• What John Hill at first thought was food poisoning has since been diagnosed as “alpha-gal,” a recently identified type of food allergy to red meat. — Submitted photo

‘Alpha-gal’ — a hunter’s nightmare disease

The disease first revealed itself after a meal of beef enchiladas.

Only 30 minutes after his first bite, John Hill was struck with sweats, severe abdominal cramps, vomiting, diarrhea and more. He thought it was food poisoning. It wasn’t.

Instead it was the first of many violent allergic reactions that would start Hill on a months-long journey of discovery and to his ultimate diagnoses of having contracted “alpha-gal.”

The story of how a lifelong cattle rancher and big game hunter contracted a disease that turned him ill after exposure to mammalian meat began on Feb. 28. Hill and friends took advantage of the last day of extended doe season on Hill’s FE Hill Ranch near Fairfield.

The next morning, Hill discovered a tick on the back of his leg. He removed it with a pair of tweezers, threw it in the trash and continued to the shower without giving it another thought. As a rancher and hunter, he got ticks on him all the time.

“About 10 days later, I had some Mexican food and within about 30 minutes I got sick,” Hill recalled. “I didn’t think it would be something that I had just eaten, of course, because that would be really quick for food poisoning to hit. But I mean I vomited, and after about four hours it just went away.”

Hill found the quick disappearance of his suffering odd. He’d never rebounded from a stomach bug or case of food poisoning so quickly. Nor had he ever had such an appetite on the tail end of suffering from such ailments.

Hill put it out of mind and continued on his day. He ate a big breakfast and put in a day’s work. That afternoon he broke for lunch at Subway and quickly scarfed down an Italian sub.

He was sick as a dog within the hour. And he was fine just hours after.

“I’m beginning to wonder now if I’ve developed some kind of food allergy. Maybe some kind of food sensitivity,” Hill explains. “The next morning, I ate pancakes and had a little bit of oatmeal and some fruit. But I ate some sausage.”

Again, Hill got sick within an hour.

“I realized the common denominator was that I’d gotten sick after eating red meat or pork,” Hill said. “I was like, well this is crazy. I’ve been eating this all my life — I’m a rancher and I eat a ton of venison.”

Hill took three days off of red meat and pork. He ate no meat but chicken and turkey and experienced no suffering. Thinking that his symptoms had passed, he reintroduced ham into his diet.

“I’m thinking, okay, I’ve got a meat allergy. Something is definitely going wrong here,” he said.

Hill took his concern to his physician who immediately believed Hill’s gallbladder was to blame. His doctor ordered a battery of tests to prove his suspicion but they showed nothing wrong.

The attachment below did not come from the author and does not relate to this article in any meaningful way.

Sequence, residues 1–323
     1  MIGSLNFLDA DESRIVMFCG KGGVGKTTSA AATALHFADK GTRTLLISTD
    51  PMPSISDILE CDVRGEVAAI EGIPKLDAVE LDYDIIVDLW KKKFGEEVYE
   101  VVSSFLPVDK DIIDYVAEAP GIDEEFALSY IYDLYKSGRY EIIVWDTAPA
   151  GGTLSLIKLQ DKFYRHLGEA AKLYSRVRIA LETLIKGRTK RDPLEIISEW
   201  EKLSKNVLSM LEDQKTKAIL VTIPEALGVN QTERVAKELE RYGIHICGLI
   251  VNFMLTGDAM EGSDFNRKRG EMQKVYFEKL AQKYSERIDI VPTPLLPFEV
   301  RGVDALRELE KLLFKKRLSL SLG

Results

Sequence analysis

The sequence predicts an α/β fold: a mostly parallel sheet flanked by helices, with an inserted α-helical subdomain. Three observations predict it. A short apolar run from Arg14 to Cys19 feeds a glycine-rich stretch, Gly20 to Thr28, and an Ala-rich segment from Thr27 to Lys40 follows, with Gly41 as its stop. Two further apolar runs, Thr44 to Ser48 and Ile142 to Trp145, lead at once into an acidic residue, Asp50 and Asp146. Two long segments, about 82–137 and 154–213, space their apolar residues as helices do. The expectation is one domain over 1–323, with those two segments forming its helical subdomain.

Hill’s doctor ordered a CT scan of his liver, spleen and pancreas. Again, nothing wrong.

His doctor cleared him to go on a hunting trip in Spain. “He’s like, when you get to Spain, just stay on chicken and seafood. Don’t touch anything that’s beef or pork or any venison or anything. I was, like, okay, cool.”

Three days before Hill was to leave for Spain, his outfitter Scott Kendricks of Global Pursuit emailed Hill a story about “alpha-gal,” a disease that sounded a lot like what Hill was dealing with.

“The further I kept reading about it, I was like, oh my gosh. This is it.”

Hill’s doctors disagreed.

Upon Hill’s return from Spain he met with the growing number of specialists he’d been dealing with and asked them if they thought he might have alpha-gal. None of Hill’s doctors had heard of the disease. Nor did they want to learn about it.

Hill took his concerns elsewhere and after a battery of phone calls, he found an allergy specialist in Waco.

“She [the specialist] calls me five days later and said the level of alpha-gal in your body right now is so high, your white blood cell count is off the charts right now and that’s not good. She asked for my pharmacy and said, ‘You’re gonna have two EpiPens waiting on you in 10 minutes.’”

Hill realized very quickly the serious nature of his ailment and how his life would never be the same.

According to the Mayo Clinic, “Alpha-gal syndrome is a recently identified type of food allergy to red meat. In the U.S., the condition most often begins when a Lone Star tick bite transmits a sugar molecule called alpha-gal into the body. In some people, this triggers an immune system reaction that later produces mild to severe allergic reactions when they eat red meat.”

Hill has come to accept his alpha-gal diagnosis and with the help of a nutritionist has come to terms with a life without red meat of any kind. He’s lost weight on his new diet and keeps up on any and all breakthroughs in the disease.

“The problem is, there’s not a whole lot of information out there about it because the CDC has not accepted and recognized it as a disease yet,” Hill said. “The awareness of it is getting out there because more people are starting to get it. That means, it could be the Lone Star tick, it could be other ticks that are doing this.”

Hill cautions all his hunting clients to bathe their clothing in Permethrin or other tick detouring pesticides before heading afield and to check themselves after time spent outside.

Not one is sure if alpha-gal is something that can be cured or if the allergy is something that one can outgrow.

This was a hard realization for Hill to accept but one that he has no choice but to deal with.

 

Gayne C. Young is an avid outdoorsman and Fredericksburg resident.

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